Tourism numbers looking up for Washington County in '04

October 23, 2004|by GREGORY T. SIMMONS

Madeleine Snyder and her sister-in-law, Wanda Cunningham, had just begun their weekend shopping expedition Friday afternoon.

"It's kind of a girls weekend. ... No guys," said Snyder, 49, with bags already piling at her feet on a bench at Prime Outlets.

"Believe it or not, I'm not really a shopper," Snyder said.

The two live about a half-hour from Charlottesville, Va., but this is their third trip to Hagerstown, which is 21/2 hours away. They shop, stay at a local hotel and eat at the local restaurants.

It is something that appears to be on the increase.

As far as tourism goes, 2004 has been good to Washington County so far.

Hotel occupancy rates, one of the key measures of tourism activity, are up 15.6 percent over this time last year, according to Smith Travel Research, a Tennessee tourism data tracking company.


Occupancies are the highest they've been in 10 years, said Thomas Riford, president and CEO of the Hagerstown-Washington County Convention and Visitors Bureau.

And that, Riford said, can't be bad for local jobs, local business and local government.

Revenue from the 2,000-plus hotel rooms tracked in the county increased in line with the occupancy rates, according to Smith Travel. By this time last year, local hotels had recorded $16.5 million in room fees. This year, that number has increased to about $19.1 million.

Most of that money is flagged for the county's hotel-motel tax, a 6 percent tax on lodging.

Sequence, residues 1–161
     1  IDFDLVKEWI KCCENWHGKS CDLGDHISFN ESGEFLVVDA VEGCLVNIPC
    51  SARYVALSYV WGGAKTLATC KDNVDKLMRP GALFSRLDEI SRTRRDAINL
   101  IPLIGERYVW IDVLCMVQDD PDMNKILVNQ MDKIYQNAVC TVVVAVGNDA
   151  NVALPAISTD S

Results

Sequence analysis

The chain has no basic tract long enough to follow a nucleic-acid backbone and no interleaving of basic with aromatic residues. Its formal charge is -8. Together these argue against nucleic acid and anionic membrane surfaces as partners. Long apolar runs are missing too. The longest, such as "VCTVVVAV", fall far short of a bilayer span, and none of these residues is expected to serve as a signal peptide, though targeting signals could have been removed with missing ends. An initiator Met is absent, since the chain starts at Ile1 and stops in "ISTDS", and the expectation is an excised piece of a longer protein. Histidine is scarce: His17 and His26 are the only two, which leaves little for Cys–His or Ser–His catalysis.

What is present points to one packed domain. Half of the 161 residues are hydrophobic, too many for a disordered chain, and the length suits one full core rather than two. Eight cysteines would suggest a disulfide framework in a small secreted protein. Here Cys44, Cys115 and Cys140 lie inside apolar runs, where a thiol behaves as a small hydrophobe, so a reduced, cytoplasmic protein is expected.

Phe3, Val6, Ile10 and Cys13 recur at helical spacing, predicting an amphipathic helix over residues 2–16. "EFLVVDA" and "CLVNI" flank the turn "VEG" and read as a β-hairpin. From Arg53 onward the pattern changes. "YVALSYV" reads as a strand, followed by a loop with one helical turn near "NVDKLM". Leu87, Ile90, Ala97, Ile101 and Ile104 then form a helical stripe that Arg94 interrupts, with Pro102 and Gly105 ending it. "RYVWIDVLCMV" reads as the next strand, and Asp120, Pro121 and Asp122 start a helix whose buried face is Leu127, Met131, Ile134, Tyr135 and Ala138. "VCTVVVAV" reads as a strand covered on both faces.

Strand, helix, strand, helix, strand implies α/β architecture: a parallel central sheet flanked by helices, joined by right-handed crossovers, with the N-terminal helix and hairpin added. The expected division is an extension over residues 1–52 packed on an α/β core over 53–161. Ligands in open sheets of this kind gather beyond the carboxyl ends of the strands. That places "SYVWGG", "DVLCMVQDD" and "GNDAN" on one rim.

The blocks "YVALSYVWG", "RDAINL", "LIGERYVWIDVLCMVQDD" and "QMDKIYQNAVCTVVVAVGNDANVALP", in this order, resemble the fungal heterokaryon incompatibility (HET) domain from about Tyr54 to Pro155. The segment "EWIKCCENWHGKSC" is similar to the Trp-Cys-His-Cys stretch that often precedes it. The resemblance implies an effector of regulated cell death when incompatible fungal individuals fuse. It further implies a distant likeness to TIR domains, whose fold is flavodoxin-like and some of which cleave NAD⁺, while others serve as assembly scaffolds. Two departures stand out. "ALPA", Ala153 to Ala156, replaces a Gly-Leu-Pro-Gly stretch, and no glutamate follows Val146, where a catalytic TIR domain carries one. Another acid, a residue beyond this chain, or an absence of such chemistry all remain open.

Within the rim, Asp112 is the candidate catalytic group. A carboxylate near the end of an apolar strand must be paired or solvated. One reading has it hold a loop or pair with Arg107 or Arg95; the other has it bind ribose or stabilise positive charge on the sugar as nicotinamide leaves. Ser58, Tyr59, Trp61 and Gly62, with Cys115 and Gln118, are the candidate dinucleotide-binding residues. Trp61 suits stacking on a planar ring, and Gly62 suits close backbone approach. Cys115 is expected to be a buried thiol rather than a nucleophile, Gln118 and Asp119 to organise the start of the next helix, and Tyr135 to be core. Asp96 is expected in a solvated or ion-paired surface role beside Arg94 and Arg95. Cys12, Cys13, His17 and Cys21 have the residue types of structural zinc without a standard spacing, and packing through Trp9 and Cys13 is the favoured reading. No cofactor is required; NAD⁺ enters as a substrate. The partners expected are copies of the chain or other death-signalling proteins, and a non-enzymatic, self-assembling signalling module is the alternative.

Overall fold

In the fiscal year ending this past June, the county hauled in about $1.19 million in hotel-motel taxes, County Commissioners President Gregory I. Snook said. Of that money, the county received about $643,000, and Riford's group received about $574,000.

Snook said the county's portion was used to either lure new businesses to the county or help keep other businesses here. If the tax rates increase at the same rate as the occupancy rates - which is expected - there should be more money to help bring businesses to the county.

Snook said he believed that might be one of the reason that the tourism business ticked up a few notches.

"That's the whole purpose of using that money, is to perpetuate that kind of growth," Snook said.

In the first three months of this year, there were 5,066 people employed in Washington County in the leisure and hospitality industry, many of whom fall in the tourism category, according to state labor statistics. That represented about 7.4 percent of total county employment.

Riford said the employment statistic is a strength, but visitors also spend money at gas stations, restaurants, stores and museums, and generally don't require as much service from local tax dollars.

"Tourism is an important part of the Washington County economy," Riford said.

For Snyder and Cunningham, however, tourism in Hagerstown is just a good time.

By the end of the weekend, they said they expect to have shopped about 20 hours and eaten two dinners apiece at local chain restaurants such as Red Lobster or Outback Steakhouse, and Snyder's Jeep Cherokee will barely have enough room for the goods they're bringing back to their families.

Cunningham, 55, said even though the shopping bags already had begun mounting "so far, we've only shopped for ourselves."

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